In 2015, direct-to-consumer genetic testing became a topic of everyday conversation. After Color Genomics launched genetic testing for breast and ovarian cancer it was profiled in Shape Magazine. Meanwhile, 23andMe became the first company to have U.S. Food and Drug Administration approval to market a genetic test directly to consumers, without a doctor’s prescription. Here at Illumina, we announced our Helix venture to create an ecosystem of high-quality content partners for direct-to-consumer sequencing. Reporter Meg Tirrell recently shared her personal genome sequencing experience on CNBC after participating in our Understand Your Genome symposium. Genomics is clearly no longer a discussion between just scientists and doctors. It has risen to the level of nations, as governments and health care systems see the benefits of personalized medicine. In the U.S., President Obama announced the Precision Medicine Initiative, which will ultimately collect samples from 1 million healthy volunteers to create a database of genetic information, making it the largest such effort by far. Meanwhile, Genomics England went into full swing, sequencing samples from both cancer and rare inherited disease patients – eventually the project will sequence 100,000 genomes. Finally, Iceland genome discoveries were featured in Nature Genetics. For genomics, the conversation with consumers is just getting started.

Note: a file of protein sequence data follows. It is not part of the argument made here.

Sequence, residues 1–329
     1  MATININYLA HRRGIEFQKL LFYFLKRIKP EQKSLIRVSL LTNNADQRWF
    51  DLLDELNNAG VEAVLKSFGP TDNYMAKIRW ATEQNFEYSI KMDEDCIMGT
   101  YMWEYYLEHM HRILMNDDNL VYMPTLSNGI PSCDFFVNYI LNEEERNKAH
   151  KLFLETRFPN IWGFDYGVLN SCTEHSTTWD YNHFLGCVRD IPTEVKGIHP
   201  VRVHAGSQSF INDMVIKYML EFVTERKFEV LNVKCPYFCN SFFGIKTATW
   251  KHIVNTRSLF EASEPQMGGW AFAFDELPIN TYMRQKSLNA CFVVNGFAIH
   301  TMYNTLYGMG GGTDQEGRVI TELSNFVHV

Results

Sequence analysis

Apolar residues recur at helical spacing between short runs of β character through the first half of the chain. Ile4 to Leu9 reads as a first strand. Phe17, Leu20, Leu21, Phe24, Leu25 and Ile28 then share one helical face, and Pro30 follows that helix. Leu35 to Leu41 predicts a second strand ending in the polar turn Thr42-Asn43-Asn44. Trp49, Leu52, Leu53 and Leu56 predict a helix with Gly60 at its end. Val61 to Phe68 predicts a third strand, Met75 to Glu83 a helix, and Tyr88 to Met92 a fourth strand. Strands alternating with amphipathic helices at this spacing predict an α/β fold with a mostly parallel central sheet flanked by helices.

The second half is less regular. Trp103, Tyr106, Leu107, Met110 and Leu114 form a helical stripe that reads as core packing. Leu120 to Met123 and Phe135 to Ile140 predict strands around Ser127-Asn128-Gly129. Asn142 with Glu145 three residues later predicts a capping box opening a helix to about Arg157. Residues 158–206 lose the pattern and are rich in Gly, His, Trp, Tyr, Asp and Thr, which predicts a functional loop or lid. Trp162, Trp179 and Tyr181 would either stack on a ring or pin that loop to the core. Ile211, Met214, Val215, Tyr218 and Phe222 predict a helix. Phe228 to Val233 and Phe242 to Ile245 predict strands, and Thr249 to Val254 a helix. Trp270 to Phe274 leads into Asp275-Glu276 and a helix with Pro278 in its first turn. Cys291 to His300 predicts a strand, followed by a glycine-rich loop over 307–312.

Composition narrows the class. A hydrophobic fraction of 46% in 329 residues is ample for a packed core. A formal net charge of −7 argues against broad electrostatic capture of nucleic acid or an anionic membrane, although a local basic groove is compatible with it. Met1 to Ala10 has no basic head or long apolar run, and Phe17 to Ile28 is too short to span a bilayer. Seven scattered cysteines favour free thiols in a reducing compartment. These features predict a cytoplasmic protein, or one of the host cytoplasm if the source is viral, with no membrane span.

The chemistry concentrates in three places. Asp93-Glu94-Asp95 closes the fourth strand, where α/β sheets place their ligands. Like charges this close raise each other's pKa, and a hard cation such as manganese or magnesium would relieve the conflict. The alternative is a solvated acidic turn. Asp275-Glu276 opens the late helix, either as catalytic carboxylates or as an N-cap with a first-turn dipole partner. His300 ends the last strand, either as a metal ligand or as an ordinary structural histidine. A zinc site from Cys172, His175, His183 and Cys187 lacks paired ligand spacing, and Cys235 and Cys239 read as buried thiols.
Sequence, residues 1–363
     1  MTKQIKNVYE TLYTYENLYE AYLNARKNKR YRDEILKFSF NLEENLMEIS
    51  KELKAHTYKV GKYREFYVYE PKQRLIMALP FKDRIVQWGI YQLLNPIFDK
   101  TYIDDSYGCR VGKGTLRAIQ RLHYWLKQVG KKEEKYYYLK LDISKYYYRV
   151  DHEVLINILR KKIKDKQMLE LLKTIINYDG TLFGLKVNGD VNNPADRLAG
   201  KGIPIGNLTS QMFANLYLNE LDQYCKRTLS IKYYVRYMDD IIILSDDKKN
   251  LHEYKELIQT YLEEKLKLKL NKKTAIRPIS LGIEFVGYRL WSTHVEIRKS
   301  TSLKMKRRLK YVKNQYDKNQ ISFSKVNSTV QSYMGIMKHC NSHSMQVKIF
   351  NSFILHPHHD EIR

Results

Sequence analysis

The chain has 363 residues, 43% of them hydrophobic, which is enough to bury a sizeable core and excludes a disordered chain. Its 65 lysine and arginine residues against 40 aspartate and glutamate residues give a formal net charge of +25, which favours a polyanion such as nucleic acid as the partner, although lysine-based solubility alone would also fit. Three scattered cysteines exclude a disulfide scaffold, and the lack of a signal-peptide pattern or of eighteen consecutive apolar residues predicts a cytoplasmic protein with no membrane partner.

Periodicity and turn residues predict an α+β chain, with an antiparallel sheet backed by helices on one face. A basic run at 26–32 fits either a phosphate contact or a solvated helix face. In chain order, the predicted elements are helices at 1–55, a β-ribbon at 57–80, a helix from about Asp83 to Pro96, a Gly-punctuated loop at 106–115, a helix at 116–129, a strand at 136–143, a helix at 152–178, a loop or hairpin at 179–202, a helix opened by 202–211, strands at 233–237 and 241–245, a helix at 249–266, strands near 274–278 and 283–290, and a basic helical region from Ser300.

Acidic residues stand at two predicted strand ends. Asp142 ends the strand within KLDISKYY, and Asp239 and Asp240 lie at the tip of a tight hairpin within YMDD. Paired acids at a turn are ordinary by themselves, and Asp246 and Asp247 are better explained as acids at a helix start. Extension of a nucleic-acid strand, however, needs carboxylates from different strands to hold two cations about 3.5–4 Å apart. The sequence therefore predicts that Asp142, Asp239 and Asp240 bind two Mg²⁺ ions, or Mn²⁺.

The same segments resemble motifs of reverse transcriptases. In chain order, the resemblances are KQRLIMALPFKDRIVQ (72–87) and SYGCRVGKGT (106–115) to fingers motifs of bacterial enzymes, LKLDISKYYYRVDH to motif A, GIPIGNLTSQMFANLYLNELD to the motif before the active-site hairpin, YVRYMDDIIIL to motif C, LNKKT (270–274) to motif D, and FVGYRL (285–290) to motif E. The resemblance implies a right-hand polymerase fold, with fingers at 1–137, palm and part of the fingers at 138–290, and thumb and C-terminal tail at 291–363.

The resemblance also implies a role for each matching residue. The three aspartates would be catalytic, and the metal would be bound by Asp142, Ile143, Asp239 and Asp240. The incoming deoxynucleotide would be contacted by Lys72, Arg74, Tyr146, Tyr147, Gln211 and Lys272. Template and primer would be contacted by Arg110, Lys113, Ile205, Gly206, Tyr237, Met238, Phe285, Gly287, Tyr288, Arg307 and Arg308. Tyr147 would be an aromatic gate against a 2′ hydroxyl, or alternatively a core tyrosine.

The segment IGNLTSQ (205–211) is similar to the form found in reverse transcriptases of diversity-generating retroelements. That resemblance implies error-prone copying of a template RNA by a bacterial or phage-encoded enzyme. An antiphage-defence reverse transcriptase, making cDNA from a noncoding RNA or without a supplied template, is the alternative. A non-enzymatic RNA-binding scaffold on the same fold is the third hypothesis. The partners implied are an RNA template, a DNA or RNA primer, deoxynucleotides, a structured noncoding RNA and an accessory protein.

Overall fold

Anthem Covers NIPT for Average-Risk Pregnancies